So far, a more decentralized free market has proven to be a better way to organize transportation. U.S. citizens who wanted to travel in the 1990s could buy a car or bus ticket, in both cases they needed the Federal Reserve and the U.S. government to print dollars and maintain their value.

Today, anyone with enough Bitcoin can buy a car or pay Uber with cryptocurrency. Hackers around the world have been promoting decentralization for decades, and with the advent of blockchain and other distributed networks, their efforts are bearing fruit. Some of them formed online communities and groups and worked together in unexpected names.


Password Punk (Cypherpunk)

Crypto punk is a privacyist. The word is a mixture of "Cypher" and "Cyberpunk". Crypto punk goes back to David Chaum's assumptions about cryptography, which advocates anonymous digital cash and anonymous reputation systems.

Password punks consider themselves doers, meaning that they believe that privacy can be enhanced by writing passwords. They believe that organizations in the form of a country stand on the opposite side of privacy issues, and can only be better if they are better than them in password privacy.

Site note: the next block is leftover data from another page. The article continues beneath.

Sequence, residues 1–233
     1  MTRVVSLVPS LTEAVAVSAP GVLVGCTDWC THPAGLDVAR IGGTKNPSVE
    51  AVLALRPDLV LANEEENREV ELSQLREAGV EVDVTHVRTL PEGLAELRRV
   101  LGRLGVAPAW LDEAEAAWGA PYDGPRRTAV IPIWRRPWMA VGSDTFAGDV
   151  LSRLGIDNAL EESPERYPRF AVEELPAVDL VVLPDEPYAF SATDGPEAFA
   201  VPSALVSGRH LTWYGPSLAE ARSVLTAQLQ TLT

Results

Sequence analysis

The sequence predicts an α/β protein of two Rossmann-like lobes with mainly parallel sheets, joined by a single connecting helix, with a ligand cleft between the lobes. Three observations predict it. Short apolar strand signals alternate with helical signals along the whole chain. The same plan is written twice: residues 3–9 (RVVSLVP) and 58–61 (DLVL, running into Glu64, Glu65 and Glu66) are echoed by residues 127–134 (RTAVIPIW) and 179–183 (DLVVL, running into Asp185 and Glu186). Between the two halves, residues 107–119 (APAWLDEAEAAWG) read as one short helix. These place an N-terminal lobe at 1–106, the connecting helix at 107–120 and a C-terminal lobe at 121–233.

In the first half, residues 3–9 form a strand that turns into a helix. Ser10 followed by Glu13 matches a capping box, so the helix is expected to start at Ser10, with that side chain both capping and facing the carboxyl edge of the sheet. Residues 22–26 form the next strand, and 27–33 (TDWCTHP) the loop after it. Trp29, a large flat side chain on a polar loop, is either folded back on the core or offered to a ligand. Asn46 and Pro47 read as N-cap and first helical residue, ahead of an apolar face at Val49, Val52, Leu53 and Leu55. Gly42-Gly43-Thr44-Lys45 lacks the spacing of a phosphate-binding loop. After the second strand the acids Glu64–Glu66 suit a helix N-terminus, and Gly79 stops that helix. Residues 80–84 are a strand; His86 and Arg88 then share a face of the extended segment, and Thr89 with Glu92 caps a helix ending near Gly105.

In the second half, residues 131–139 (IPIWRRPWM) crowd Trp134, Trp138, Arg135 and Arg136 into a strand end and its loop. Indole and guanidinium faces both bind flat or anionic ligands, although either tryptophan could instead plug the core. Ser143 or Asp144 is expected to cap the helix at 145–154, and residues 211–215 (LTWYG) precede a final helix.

The following cryptopunks are affecting your life in different ways:

· Jacob Appelbaum: Tor's developer

· Julian Assange: founder of Wikipedia

Adam Back: inventor of Hashcash, co-founder of Blockstream

· Bram Cohen: Founder of BitTorrent

Hal Finney: Lead author of PGP 2.0, creator of reusable proof of work

Tim Hudson: Co-author of SSLeay (predecessor of OpenSSL)

· Paul Kocher: Co-author of SSL 3.0

Moxie Marlinspike: Founder of open source whisper system (Developer of Signal)

Steven Schear: creator of the "warrant canary" concept.

Bruce Schneier: Famous security writer

Zooko Wilcox-O'Hearn: DigiCash developer and founder of Zcash

· Philip Zimmermann: creator of PGP 1.0

If you don't know this group of hackers, please sit and fasten your seatbelts, who have been operating in the underground computer world since the 1980s. The Dead Cow Sect (cDc) was founded in a slaughterhouse in Texas and soon attracted some of the smartest people in the global hacker community. Over the years, they have been the subject of many allegations of wrongdoing.